Inaugural Lecture of Professor Sir Michael Pepper
Nov 19, 2009
from 06:30 PM to 08:00 PM
|Contact Name||Paul Mckenna|
|Contact Phone||020 7679 3186|
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On Thursday 19th November 2009 at 6.30pm, UCL will host the Inaugural Lecture of Professor Sir Michael Pepper FREng, FRS to mark his appointment to the Pender Professorship of Nanoelectronics in UCL. If you would like to request an invitation please contact Paul McKenna
The Engineering of Physics
Experimental condensed matter physics in the post-war period concentrated on the properties of naturally occurring elements particularly metals and semiconductors. In 1963 a group at IBM showed that the inversion layer of the Silicon MOS device comprised a two-dimensional electron gas whose carrier concentration, and properties, could be varied by a simple change of gate voltage. This marked a distinct change from elements where properties were pre-determined by nature.
The experimental application of the MOS device was subsequently supplemented by III-V semiconductor heterostructures grown by Molecular Beam Epitaxy. Further flexibility was introduced as gate patterning was shown to produce a one dimensional electron gas and a zero dimensional quantum dot. Now lithographic definition allows an electron system to be engineered for the study of underlying physics. In this lecture the history of the subject will be traced in terms of the phenomena discovered at each advance in the technology. The control of properties down to the single electron level has opened up a number of new directions including formation of the electron lattice, measurement of fundamental electron charge and quantum cascade lasers whose emission wavelengths can be tailored to fill a gap in the spectrum.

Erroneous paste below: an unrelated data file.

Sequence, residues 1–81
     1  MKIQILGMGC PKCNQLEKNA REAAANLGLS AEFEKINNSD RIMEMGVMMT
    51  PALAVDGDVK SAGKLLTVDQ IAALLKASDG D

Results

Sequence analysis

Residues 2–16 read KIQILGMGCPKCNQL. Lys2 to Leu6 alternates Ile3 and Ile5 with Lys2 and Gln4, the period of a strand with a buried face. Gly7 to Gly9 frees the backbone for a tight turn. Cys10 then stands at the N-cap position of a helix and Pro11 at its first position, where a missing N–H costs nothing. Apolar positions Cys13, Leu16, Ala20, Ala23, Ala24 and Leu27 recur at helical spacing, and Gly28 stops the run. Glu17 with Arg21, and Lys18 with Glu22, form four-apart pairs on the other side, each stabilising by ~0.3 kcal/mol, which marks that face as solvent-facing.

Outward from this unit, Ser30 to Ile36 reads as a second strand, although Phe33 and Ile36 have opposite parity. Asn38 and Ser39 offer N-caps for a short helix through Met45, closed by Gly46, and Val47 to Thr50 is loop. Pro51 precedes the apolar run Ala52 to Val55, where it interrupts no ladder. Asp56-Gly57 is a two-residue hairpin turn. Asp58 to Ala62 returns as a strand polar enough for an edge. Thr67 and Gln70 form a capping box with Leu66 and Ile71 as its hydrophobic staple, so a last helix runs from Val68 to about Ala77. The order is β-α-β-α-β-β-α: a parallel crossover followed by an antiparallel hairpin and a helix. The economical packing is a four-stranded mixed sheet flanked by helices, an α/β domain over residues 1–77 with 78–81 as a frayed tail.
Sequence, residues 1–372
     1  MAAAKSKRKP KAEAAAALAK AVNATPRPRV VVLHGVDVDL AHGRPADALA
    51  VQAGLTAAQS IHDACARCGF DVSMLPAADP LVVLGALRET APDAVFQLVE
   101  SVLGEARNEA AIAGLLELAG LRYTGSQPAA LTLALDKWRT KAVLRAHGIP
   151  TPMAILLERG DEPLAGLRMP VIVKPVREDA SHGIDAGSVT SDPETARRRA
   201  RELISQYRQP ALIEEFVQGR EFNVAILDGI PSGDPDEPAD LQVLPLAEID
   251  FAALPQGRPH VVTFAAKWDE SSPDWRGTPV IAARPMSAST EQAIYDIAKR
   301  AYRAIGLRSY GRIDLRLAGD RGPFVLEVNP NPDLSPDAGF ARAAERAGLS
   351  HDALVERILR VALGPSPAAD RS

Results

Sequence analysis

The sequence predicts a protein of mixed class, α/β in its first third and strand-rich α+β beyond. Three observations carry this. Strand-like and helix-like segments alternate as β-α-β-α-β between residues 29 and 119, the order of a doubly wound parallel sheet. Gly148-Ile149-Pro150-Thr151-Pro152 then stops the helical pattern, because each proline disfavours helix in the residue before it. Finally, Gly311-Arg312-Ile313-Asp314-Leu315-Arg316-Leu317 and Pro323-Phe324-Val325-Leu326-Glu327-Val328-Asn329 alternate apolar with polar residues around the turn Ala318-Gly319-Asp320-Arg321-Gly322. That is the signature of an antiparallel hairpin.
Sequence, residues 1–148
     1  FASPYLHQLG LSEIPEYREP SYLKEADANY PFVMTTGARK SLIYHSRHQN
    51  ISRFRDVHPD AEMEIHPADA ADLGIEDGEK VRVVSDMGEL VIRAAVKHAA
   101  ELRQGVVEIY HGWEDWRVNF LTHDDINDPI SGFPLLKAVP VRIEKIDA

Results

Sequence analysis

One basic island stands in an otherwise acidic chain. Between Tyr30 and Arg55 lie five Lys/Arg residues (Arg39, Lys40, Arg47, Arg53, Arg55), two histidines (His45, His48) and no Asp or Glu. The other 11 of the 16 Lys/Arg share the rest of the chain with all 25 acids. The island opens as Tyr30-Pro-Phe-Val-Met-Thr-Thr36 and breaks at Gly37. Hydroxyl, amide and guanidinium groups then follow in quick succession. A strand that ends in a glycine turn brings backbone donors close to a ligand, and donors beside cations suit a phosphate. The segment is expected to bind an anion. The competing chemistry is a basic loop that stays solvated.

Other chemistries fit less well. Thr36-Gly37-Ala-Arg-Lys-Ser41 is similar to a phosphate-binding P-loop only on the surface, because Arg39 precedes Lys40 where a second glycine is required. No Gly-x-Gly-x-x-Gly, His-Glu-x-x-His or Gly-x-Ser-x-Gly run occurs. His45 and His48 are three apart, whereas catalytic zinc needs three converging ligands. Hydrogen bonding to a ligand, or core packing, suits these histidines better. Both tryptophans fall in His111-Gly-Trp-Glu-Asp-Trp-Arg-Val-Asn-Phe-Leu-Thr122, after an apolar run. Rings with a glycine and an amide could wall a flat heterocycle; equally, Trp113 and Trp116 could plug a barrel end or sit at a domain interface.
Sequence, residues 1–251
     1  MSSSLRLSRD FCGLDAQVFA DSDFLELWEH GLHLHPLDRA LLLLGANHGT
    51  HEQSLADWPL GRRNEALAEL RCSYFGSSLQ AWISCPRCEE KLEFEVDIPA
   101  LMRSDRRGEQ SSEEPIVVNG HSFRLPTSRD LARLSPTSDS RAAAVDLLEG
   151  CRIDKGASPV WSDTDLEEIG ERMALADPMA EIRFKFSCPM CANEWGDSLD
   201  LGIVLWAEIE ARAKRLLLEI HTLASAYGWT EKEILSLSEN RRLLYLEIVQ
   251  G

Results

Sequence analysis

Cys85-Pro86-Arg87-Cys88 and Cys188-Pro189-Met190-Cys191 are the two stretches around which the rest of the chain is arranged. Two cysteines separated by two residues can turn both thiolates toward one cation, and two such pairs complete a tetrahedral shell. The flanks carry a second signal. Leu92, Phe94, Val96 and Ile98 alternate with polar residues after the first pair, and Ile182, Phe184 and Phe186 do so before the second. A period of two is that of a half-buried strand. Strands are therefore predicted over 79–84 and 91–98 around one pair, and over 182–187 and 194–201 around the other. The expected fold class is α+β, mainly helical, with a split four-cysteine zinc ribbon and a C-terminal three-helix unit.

Michael Pepper received the degrees of B.Sc and Ph.D in Physics at the University of Reading. After a period at Mullard Ltd, as the UK branch of Philips was then known, and then went to the Plessey Company, Caswell, to work on the properties of MOS transistors and the more general aspects of the Silicon-Silicon Dioxide interface. He moved to the Cavendish Laboratory, Cambridge, in 1973 where he pursued an experimental programme in collaboration with Plessey until 1982 and from then as a member of staff of the GEC Hirst Research Centre. A collaborator in the discovery of the Quantum Hall Effect he first demonstrated, with colleagues, the one and zero dimensional behaviour which has now resulted in the field of semiconductor nanostructures and has uncovered much significant physics in his work.
He was elected a Fellow of Trinity College in 1982, a Fellow of the Royal Society in 1983 and Professor of Physics in the Cavendish in 1987. In 1991 he became part-time Managing Director of the Cambridge Research Laboratory, CRL, of Toshiba Research Europe Ltd which has subsequently pioneered quantum communications, in 2007 he became Senior Advisor to CRL. He co-founded and became Scientific Director of TeraView, which was spun out of Toshiba Research Europe in 2001 to commercialise the terahertz technology.
For his work on semiconductors he has received the Royal Medal, 2005, and Hughes Medal, (1987), of the Royal Society and gave the Society’s Bakerian Prize Lecture in 1984. He received the Hewlett-Packard prize of the European Physical Society, (1985), and the Guthrie, (Gold), (1985) and Mott, (2000), prizes of the Institute of Physics. He was elected a Fellow of the Royal Academy of Engineering in 2009. As a result of his work on extending terahertz technology into the pharmaceutical sector he was appointed Honorary Professor of Pharmaceutical Science in the University of Otago in 2004. In 2004 he gave the Mountbatten Memorial Lecture of the IET and has given other named lectures. In addition he has received honorary degrees and a Knighthood in 2006. In January 2009, Sir Mike became Pender Professor of Nanoelectronics and Honorary Professor of Physics in UCL.